Playing augmented reality smartphone games such as Pokémon Go delivers fitness benefits – at least in the short term – for older adults, research indicates.
Pokémon Go, a game in which players must travel to specific locations in their neighbourhood to capture some of the hundreds of cute creatures that feature in the enduringly popular Pokémon universe, was released in 2016.
It proved immensely popular, with millions of people worldwide downloading it onto their phones. US research conducted a few months after it hit the market estimated that American players on average increased their baseline daily step count by 1473 – a boost of 25%.
The researchers, from Stanford University and Microsoft, found that “Pokémon Go has added a total of 144 billion steps to US physical activity”.
Most of the game’s fans were children and teenagers, but a proportion were older adults. Now, research from Japan’s University of Tokyo has found that the fitness benefits extended to this group, at least in the short term.
Scientists led by Kimihiro Hino gathered a pool of 230 volunteers from Yokahama with a mean age of 56 prior to the launch, and recorded their average daily step rate. After Pokémon Go hit the market, 46 members of the cohort started playing it, while the rest did not.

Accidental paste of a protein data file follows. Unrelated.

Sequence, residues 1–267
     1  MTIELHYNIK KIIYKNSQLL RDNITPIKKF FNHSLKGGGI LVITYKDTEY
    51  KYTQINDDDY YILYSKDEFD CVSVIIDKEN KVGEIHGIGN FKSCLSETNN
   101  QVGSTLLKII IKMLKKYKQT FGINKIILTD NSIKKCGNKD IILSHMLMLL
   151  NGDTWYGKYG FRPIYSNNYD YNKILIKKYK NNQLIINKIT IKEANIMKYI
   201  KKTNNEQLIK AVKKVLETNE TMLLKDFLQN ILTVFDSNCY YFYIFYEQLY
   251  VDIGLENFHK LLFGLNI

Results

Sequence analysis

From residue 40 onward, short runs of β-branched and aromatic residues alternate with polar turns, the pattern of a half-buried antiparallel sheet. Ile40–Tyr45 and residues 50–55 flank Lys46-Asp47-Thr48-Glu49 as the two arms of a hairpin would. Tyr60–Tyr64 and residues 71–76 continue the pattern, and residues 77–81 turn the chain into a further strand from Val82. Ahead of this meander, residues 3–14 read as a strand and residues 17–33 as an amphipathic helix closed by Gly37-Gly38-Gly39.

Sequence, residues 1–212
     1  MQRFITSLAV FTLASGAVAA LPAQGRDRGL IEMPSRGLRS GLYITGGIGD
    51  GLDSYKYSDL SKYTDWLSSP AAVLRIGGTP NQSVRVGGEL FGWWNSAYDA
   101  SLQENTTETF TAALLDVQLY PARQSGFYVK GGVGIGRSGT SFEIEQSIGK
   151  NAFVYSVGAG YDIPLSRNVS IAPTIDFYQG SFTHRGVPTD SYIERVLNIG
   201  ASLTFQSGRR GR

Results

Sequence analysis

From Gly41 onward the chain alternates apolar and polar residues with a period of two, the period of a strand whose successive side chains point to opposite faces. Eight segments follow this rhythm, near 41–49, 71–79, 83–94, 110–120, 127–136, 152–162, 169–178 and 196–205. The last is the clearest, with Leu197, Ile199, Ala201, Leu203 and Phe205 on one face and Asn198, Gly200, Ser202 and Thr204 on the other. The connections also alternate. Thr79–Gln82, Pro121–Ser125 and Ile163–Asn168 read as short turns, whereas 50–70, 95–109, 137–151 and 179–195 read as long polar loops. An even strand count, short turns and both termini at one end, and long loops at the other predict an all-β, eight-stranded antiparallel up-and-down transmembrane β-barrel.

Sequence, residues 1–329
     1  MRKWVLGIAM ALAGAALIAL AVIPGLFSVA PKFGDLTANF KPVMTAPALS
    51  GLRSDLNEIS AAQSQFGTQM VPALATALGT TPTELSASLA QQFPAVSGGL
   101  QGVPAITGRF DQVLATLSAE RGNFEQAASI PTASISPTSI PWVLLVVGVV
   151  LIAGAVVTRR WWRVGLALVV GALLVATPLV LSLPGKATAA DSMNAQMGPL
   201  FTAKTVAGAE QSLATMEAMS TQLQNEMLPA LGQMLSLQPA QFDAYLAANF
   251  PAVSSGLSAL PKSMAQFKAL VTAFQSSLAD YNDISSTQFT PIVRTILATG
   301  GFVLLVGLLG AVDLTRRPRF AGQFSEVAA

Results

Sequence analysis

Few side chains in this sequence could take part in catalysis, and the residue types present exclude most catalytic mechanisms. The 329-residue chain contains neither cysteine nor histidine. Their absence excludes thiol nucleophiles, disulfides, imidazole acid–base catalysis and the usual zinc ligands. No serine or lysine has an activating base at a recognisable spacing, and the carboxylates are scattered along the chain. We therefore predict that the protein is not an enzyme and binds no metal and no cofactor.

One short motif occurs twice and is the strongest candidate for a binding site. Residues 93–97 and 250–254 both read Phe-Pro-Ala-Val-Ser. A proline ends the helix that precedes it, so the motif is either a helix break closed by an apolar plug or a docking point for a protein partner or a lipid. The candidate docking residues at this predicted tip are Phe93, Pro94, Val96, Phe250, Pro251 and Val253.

Hino and colleagues continued to measure daily step counts of all participants for eight months after the release.
They found that at the end of the monitoring the players had recorded average step counts of 7903 – 262 more than the non-players, a small but significant result.
On more detailed analysis, the increased activity tailed off at different points for different subgroups. Among full-time workers, for instance, elevated step counts ended around two months after the game was released – and for most players Pokémon Go had largely lost its appeal after three months.
Nevertheless, Pokémon Go players did not reduce their daily activity in response to the onset of winter, in sharp contrast to most of the non-players.
The research was published in the Journal of Medical Internet Research.
Andrew Masterson is a former editor of Cosmos.
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